James is right on track, just be sure to use a rip saw for rip cuts and a crosscut saw for crosscuts. The exception to this is for fine tooth bench saws where a rip toothed saw can be used very effectively for crosscuts.. The only things I would add is to try your saw on a long cut in a piece of scrap first in order to detect any tendencies to lead off the line before you try it on actual project stock, and correct the saw if necessary. Also, when it comes to trimming, it becomes a judgment call by the craftsman as to whether it is better to saw or plane the excess off. If I only had a quarter inch or so that had to come off of a rip I believe I would just reach for a roughing plane to do the work. You do have to be more careful with a crosscut because of the inherent weakness of short grain and the increased difficulty of planning end grain. On crosscuts you should pre-score the grain, leave less stock that requires planning, and use a shooting board and/or backing strips to prevent blowout during end grain planning.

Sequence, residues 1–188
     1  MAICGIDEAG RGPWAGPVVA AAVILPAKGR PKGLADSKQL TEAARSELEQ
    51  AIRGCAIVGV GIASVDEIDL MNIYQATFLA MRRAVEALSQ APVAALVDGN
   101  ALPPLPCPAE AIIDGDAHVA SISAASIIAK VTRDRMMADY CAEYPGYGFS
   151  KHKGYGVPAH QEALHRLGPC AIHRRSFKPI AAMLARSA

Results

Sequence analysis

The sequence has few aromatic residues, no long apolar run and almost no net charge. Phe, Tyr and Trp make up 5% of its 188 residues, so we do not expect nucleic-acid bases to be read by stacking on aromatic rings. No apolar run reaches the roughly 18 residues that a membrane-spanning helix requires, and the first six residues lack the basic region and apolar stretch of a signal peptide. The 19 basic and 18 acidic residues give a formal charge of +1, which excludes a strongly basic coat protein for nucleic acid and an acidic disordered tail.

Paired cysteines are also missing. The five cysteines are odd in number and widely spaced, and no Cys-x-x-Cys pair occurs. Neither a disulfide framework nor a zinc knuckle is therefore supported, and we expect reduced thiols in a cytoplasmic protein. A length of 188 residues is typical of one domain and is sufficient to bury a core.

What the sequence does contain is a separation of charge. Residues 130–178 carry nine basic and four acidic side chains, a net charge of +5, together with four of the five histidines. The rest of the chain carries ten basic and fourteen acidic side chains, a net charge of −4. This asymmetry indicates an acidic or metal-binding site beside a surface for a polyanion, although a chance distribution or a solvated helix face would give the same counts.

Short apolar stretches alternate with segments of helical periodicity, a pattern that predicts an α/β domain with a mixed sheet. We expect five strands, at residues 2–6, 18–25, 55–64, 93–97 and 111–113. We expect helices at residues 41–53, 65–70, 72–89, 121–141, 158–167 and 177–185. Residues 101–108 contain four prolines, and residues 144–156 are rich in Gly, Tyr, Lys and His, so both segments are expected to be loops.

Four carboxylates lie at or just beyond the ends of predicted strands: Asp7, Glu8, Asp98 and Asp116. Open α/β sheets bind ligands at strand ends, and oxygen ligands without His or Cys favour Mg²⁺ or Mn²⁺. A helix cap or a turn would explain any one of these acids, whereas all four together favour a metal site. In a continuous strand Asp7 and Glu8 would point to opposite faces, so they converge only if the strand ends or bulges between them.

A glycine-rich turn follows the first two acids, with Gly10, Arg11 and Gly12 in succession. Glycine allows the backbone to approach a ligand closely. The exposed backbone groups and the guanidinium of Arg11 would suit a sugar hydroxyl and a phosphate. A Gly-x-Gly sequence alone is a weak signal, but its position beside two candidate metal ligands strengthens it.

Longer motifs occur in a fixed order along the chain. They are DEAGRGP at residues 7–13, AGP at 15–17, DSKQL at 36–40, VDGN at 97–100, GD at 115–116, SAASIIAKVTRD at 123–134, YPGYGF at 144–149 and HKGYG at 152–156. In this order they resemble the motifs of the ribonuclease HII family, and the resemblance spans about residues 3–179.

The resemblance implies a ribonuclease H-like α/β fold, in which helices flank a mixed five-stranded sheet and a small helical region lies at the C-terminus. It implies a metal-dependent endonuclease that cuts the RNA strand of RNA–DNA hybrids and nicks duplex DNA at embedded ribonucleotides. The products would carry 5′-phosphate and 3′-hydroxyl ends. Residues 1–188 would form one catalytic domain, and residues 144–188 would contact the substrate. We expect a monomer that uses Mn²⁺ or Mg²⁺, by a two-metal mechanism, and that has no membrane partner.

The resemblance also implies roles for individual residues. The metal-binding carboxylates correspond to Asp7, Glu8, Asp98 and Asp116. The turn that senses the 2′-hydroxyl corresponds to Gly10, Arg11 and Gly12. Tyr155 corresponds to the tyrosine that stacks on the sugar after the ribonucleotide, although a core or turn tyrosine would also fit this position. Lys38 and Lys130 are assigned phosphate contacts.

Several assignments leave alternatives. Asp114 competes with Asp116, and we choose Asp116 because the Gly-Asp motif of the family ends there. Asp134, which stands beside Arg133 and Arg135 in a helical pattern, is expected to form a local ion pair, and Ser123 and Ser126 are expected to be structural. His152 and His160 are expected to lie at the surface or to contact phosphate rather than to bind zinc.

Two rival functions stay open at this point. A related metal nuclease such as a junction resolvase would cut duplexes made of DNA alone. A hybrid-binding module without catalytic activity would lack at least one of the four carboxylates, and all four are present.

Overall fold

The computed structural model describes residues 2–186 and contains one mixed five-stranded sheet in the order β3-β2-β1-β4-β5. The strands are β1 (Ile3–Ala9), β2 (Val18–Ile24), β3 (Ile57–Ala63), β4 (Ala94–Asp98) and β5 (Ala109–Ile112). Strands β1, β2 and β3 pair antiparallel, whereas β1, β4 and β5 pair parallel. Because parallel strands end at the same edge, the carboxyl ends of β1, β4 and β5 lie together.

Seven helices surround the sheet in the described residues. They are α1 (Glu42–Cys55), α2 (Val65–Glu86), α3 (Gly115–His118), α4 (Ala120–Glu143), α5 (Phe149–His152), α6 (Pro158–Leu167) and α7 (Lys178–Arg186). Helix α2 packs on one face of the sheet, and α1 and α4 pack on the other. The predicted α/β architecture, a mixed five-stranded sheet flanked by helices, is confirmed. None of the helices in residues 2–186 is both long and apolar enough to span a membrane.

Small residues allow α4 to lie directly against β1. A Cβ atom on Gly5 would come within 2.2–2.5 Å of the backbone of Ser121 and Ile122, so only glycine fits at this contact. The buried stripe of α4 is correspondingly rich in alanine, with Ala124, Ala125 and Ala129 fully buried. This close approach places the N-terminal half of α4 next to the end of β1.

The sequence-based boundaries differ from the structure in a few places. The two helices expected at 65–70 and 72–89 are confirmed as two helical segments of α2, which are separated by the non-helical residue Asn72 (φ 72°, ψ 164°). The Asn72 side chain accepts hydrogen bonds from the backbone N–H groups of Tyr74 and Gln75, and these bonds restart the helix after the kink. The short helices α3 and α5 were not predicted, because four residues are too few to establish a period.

On the subject of a choice between #4 or #5, I think a #5 can be more versatile if you take the time to set it up properly between different uses (rough work and smoothing) but it all gets back to the type of work you intend to do the most. For me, I believe that a beginner should buy a good Stanley for each of the basic plane functions and set them up and tune them for the individual functions. As inexpensive as these older planes are it is money well spent to keep from having to make the changes necessary to support the different functions. For the cost of one of the newer planes you can easily buy a full set of the old Stanleys from the local flea markets or estate sales and have some great tools in the bargain. There are some good brands other than Stanley but a beginner would have difficulty sorting the good stuff from the junk.
Above all else, have fun.